Kennedys has made an eye-watering version of The Apprentice which stars young claims handlers as contestants and its Senior Partner as Sir Alan Sugar.
A co-producer of Claims Apprentice threatens in a preview that it is only the "first season" of the show. "It's definitely watchable", he fibs. "It's going to be fantastic".
....see my nose grow."
Aping the BBC original, each episode begins with the candidates striding towards Kennedys’ London office. "Six up-and-coming claims managers", declares the narrator over a dramatic score. "Six ambitious candidates. All with one aim. To be named Claims Apprentice 2019."
Need to fill that GOT hole?
Kennedys replicates the segment in reality TV shows in which contestants attempt to win over viewers with a moving personal story. But the tender piano music on Claims Apprentice has a lot of work to do, because the claims handlers' 'journeys' are not hugely emotional. "I joined the Allianz graduate scheme in 2016," says one contender as the music swells, "did a placement within credit hire, and then moved into the personal injury team in Milton Keynes".
Next up: Insurance Island.
Claims Apprentice also has its very own Sir Alan. "To become the Claims Apprentice", explains the narrator as a serious-looking gentleman marches through the corridors of power (well, Kennedys), "the six candidates need to impress Kennedys senior partner Nick Thomas". He describes Thomas in increasingly awestruck tones as "an experienced solicitor, chartered arbitrator AND accredited mediator!"
"Me? The star? I couldn't possibly! You've convinced me, where's my trailer."
The ritual in which contestants come up with their team's name lives up to the BBC original. One group picks 'Fortitudo', which makes everyone who pronounces it sound like a Harry Enfield Scouser saying 42. The women in the other group mull over 'Genesis' and 'Discovery' when the man interrupts, "I were thinking kind of like a sport team...'Apprentice All Stars' or something”. Noticing their expressions, he adds quickly, "But to be fair I do really like Discovery, that's a really good name".
Alternative team name: 'Side-eye'
Somehow the tasks set for Discovery and Fortitudo manage to be a lot more dull that actual insurance law. "Challenge set!" exclaims the narrator in the opening episode. "The teams have three hours to prepare an argument for and against the motion of whether the associated litigation risks should prevent the use of AI in medical treatment."
"Darling quick, you're missing it! And bring the razor!"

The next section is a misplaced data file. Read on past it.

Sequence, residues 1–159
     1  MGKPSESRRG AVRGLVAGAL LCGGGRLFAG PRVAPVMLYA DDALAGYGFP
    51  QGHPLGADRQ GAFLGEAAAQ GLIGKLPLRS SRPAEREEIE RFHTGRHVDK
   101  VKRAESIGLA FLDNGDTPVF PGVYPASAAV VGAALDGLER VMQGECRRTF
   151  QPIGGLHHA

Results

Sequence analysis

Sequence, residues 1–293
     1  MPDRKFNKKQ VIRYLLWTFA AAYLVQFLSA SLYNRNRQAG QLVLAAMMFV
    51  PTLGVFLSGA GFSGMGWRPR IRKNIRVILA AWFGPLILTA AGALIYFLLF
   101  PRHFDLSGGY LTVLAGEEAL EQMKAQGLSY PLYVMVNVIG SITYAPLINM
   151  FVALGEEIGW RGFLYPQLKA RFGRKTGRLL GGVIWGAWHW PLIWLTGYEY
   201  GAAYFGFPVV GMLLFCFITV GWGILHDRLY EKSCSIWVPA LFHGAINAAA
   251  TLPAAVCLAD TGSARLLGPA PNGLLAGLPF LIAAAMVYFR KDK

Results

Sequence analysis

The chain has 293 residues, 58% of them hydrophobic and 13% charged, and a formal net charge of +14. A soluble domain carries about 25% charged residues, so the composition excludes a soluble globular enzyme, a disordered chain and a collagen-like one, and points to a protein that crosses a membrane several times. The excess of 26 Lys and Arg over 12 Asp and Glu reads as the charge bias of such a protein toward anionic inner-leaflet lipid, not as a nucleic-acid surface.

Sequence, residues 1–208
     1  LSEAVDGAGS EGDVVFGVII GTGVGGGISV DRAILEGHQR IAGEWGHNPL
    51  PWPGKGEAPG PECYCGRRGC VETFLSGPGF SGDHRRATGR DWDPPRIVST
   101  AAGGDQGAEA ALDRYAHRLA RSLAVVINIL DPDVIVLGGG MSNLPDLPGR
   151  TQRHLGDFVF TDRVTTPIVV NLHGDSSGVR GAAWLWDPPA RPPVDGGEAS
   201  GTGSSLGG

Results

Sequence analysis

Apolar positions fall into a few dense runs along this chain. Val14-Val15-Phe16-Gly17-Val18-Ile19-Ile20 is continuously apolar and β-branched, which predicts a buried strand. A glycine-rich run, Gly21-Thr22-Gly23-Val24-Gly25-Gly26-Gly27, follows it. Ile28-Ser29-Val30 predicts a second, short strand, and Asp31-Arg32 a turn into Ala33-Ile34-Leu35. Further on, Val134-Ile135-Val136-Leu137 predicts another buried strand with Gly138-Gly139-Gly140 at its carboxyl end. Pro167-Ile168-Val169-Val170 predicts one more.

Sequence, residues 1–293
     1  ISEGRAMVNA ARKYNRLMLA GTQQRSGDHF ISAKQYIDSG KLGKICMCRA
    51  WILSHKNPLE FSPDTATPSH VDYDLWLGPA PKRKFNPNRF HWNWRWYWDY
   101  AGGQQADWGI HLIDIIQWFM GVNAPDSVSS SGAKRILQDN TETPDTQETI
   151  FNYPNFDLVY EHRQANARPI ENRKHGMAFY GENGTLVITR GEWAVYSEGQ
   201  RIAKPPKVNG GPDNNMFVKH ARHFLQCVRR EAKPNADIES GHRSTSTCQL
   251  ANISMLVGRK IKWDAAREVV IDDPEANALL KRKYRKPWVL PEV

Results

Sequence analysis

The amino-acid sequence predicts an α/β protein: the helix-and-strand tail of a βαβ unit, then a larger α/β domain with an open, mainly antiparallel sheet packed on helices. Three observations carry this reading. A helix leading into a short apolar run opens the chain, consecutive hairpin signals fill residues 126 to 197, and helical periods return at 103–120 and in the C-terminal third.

In a break from the BBC template, no-one is sacked after failing a task. The removal of jeopardy drains any drama from the show, but it does avoid the spectacle of Kennedys' Senior Partner bellowing 'You're fired' at a weeping young person. "Well done", he tells the candidates instead, "you all did really well." Given what they go through, he's right.
After a task to organise a fantasy diversity and inclusion event, a Kennedys HR person compliments Discovery for proposing a conference which is "a really strong journey" with "intersectionality". Both teams miss the chance to suggest filming a web show about a diverse group of people whom the firm is under no obligation to employ.
After the teams are forced to mumble 'Good morning Nick' for the third time, Thomas challenges them to create an advert which will "grab the 16 to 24-year-olds out there and make them want to join the insurance industry". Discovery tackles this impossible mission by throwing their hands in the air and producing a poster of a burning oil rig. Fortitude baits the Advertising Standards Authority with a slogan.
The planet needs...motor claims?
The last task, to design an app which will help claims handlers, is mostly used as an opportunity to market the firm's own ‘virtual lawyer’ technology, which seeks to save clients money by, err, replacing claims handlers with a computer program. "Lawyers have created an addiction to themselves in the last ten years or so which needs to be broken", explains a Kennedys employee to the contestants, who by this stage are visibly struggling to appear rapt.
Thomas interrogates the candidates one-on-one in the final, but unfortunately it is too excruciating for human consumption.